Following up on last week's post, Ninth Circuit Gives Unmarried Couples Double The Mortgage Interest Deduction Available To Married Couples:
Forbes, Does Ninth Circuit Mortgage Interest Decision Create Special Rights?, by Peter J. Reilly:
is kind of ironic for the Ninth Circuit, which played such a big role in advancing marriage equality, to be issuing a decision that discourages registered domestic partners from marrying. That is an effect of the decision in the case Bruce Voss and Charles Sophy vs. IRS, although I imagine it is an unintended consequence. It almost seems as if the Ninth Circuit has instituted that conservative trope — special rights for homosexuals — with this decision. Closer analysis would show it would be more like special rights for homosexuals and geezers. ...
Thanks to the Ninth Circuit’s recent decision, there is now a new marriage penalty for couples with large mortgages. The amount of the penalty depends on how much the mortgage exceeds $1.1 million, its interest rate and the marginal tax rate of the taxpayers. My back of the envelope computation would put the maximum penalty at not a lot more than $20,000. ...
A committed unmarried couple who did some serious planning could really go to town exploiting the fact that they are considered unrelated for federal income tax purposes.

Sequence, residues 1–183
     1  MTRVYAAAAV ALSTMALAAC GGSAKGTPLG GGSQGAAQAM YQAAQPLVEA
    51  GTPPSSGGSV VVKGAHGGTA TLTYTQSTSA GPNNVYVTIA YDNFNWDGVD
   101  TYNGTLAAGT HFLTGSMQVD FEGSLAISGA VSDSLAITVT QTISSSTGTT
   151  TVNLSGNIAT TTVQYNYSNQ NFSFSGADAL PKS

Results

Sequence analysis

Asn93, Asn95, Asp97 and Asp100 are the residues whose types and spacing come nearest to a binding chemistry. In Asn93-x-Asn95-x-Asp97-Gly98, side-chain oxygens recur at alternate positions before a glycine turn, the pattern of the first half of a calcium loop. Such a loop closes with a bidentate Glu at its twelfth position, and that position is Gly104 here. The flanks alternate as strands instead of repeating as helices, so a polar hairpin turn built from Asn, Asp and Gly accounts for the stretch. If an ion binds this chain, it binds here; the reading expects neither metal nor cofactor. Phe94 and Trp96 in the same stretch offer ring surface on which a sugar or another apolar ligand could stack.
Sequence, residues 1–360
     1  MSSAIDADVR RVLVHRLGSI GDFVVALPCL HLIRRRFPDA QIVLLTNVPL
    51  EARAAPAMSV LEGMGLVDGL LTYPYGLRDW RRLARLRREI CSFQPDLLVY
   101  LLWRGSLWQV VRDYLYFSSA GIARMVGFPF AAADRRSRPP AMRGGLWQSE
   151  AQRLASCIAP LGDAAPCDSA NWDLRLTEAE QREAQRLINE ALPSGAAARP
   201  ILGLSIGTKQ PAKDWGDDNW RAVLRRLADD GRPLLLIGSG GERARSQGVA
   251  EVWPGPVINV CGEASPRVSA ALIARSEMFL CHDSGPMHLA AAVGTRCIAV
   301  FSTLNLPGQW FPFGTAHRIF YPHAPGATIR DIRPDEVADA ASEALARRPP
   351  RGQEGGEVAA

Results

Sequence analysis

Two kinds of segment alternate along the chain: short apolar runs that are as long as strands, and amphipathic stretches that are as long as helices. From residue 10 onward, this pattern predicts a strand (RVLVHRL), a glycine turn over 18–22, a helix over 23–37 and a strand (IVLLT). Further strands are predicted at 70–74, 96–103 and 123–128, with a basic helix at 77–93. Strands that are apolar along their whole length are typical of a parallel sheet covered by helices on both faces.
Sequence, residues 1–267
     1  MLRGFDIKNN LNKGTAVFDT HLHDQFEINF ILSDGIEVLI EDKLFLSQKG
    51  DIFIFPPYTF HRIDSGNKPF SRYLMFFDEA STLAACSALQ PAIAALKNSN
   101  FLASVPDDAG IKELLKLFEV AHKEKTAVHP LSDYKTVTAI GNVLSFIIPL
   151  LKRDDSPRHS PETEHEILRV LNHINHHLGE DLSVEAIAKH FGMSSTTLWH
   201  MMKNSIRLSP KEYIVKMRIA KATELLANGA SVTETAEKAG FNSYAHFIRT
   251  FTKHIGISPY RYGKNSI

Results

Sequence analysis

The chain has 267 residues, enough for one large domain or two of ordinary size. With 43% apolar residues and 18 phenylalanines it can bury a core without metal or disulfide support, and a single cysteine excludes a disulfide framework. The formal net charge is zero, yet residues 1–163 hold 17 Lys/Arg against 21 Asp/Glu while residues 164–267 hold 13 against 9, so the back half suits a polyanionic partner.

Wall Street Journal, Another Reason Not to Get Married: Recent Court Ruling in California Gives Unmarried Couples a Big Tax Break:
Couples who choose not to marry just got another big tax break.
A recent major decision by the Ninth Circuit Court of Appeals in California allowed two men who jointly owned two pricey homes, one in Beverly Hills and another in Rancho Mirage, each to deduct the interest on $1 million of mortgage debt plus $100,000 of home-equity debt on their individual tax returns.
The men, noted psychiatrist Charles Sophy and investor-relations executive Bruce Voss, were registered domestic partners during the period covered by the case but weren’t married.
As a result of the decision, the couple’s debt limit for interest deductions on their two homes was $2.2 million, or twice the $1.1 million limit for married couples with two homes. The federal court’s ruling overturned a Tax Court decision in favor of the Internal Revenue Service that limited the taxpayers to interest deductions on $1.1 million of debt. ...
“Marriage penalties have permeated the tax law for nearly half a century,” says Michael Graetz, a professor at Columbia University’s Law School and former top Treasury Department official. ...
Remember also that while the income tax has many marriage penalties, the gift and estate tax has significant marriage bonuses. For example, spouses can transfer assets between themselves without incurring tax, and surviving spouses can pick up the unused portion of their partner’s $5.43 million estate-tax exemption.
“People shouldn’t stay unmarried to save tens of thousands of dollars of income tax when it could cost them hundreds of thousands or even millions in estate tax,” says Mr. Graetz.